The current COVID-19 pandemic has highlighted the ability of governments to act with speed and efficiency in times of crisis. Whilst no global response has been ideal, and many are not as comprehensive as desired, international governments have still managed to pass and enforce new laws to limit the immediate spread of the virus. This is often the case in times of crisis; governments will react to an immediate event and create policies (whether effective or not) to mitigate the negative implications of said event.
This governmental efficiency in times of immediate crisis is impressive. Yet this is completely unmatched in times of slow-moving, or impending crises. For years, there has been conjecture as to how the world would respond in the case of pandemic, whether in response to the 100th anniversary of the Spanish flu, or as part of a prescient report by the Global Preparedness Monitoring Board (GPMB) in September 2019. In 2018, an editorial in The Lancet Infectious Diseases warned that “We should not find ourselves unprepared [for a pandemic]- to be so would cost millions of lives.” Yet, the 2019 GPMB report still found that “the world is not prepared.” At this stage, however, the event of a global pandemic was purely hypothetical so, to paraphrase a Foreign Policy article, nobody was interested in doing anything about it.
Even when the first news of a new pneumonia-like coronavirus came out of China, then was transported to other countries and the World Health Organisation (WHO) announced “a Public Health Emergency of International Concern,” many countries were slow to act. Italy, one of the worst hit countries, called their national lockdown on the 9th March, more than a month after the WHO announcement (local measures were implemented earlier, but the number of cases had still risen to 9,172 at this point according to Axios). Australia has been praised internationally for its prompt and effective action, yet it only called a nationwide shutdown four days later, and severely misjudged impacts such as allowing those from the Ruby Princess cruise ship to alight in New South Wales. In the US, responses to the pandemic have been ad hoc and mostly ineffectual; although President Trump made a recommendation for social distancing in mid-March, not all states have upheld the recommendations (and Trump has contradicted his own recommendations). The U.K. called a lockdown disastrously late, leading to their high fatality rate, and they still lack any policy calling for the quarantine of travelers into the country. The nations who have best responded to the crisis are those who have listened to experts in the field, or have leaders with some level of expertise, as in the case of Germany. This begs the question as to why the experts predicting the crisis were ignored only weeks, or sometimes months, earlier.
The lack of response to COVID-19 before it became an immediate crisis, and the level of denial even after it reached that point (especially, but not limited to the U.S.A.) creates an obvious parallel with climate change. Scientists have theorized about alterations in the earth’s atmosphere due to greenhouse gas emissions for over a century. In 1956, an interesting New York Times article announced to readers that “Warmer Climate on the Earth May Be Due To More Carbon Dioxide in the Air.” According to National Geographic, “The Intergovernmental Panel on Climate Change was established in late 1988, after a variety of factors had pushed the greenhouse effect into the spotlight.” Yet despite the scientific proof, international organisations and agreements, and the overwhelming public acknowledgement of climate change as a major international issue, many politicians and states have not formulated effective policies to combat climate change and its effects. Even major crises caused by climate change are treated as individual events, before politicians and the public move on. For example, Australia was struck by an appalling bushfire season at the beginning of 2020. As described in an article in The Guardian, “the climate crisis” has meant that “In Australia, the conditions for severe bushfires are occurring far more regularly.” Yet the conservative Australian politicians in power created policy which would merely combat the bushfires themselves, rather than the underlying causes. Some politicians (most notably Craig Kelly) outwardly denied any connection between climate change and the bushfires. Others merely stated that those drawing a link between the two were politicizing tragedy. This combination of denial and willful ignorance prevents action on an impending crisis. By the time climate change affects international daily life in the same way as the pandemic, any action will be too late, yet (just like in the case of the pandemic) too many of us are ignoring the warning signs. The COVID-19 pandemic has highlighted the risks of disregarding the warnings of experts; one can only hope it will engender greater trust in scientists before other issues (such as climate change) become more severe.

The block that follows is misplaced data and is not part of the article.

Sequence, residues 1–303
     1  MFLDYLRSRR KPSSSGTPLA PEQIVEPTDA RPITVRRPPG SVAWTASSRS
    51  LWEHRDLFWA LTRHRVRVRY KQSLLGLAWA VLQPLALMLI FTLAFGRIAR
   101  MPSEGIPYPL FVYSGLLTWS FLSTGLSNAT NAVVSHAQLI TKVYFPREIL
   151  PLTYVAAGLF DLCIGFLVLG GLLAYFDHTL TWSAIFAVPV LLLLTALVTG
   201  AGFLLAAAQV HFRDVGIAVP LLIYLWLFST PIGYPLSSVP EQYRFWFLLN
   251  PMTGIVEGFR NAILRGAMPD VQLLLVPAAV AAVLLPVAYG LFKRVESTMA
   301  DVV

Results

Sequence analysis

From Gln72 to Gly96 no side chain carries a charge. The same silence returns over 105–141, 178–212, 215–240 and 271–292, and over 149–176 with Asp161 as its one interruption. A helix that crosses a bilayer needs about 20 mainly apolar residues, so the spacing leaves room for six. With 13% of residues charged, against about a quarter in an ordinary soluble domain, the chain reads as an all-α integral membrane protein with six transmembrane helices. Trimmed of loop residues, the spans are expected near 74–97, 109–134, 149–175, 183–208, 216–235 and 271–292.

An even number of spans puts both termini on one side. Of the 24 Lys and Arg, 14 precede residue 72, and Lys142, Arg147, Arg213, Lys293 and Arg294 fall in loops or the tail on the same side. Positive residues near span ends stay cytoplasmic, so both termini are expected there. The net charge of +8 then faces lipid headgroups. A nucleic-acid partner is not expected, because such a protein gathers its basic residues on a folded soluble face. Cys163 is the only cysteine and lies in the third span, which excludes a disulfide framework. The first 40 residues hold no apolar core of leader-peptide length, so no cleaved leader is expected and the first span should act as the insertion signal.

To maintain a fully functional and peaceful society, politicians must be proactive. Rather than responding merely at the point when an issue becomes an immediate crisis, they must create forward-thinking policies. In some cases, these policies may be found unnecessary with hindsight, however I think we can all agree that early policies enforcing a pandemic response and a better prepared hospital system would have been preferable to the current state of lockdown in many parts of the world and the prevalence of illness and death. Similarly, we must act on saving the environment from further destruction before it is too late.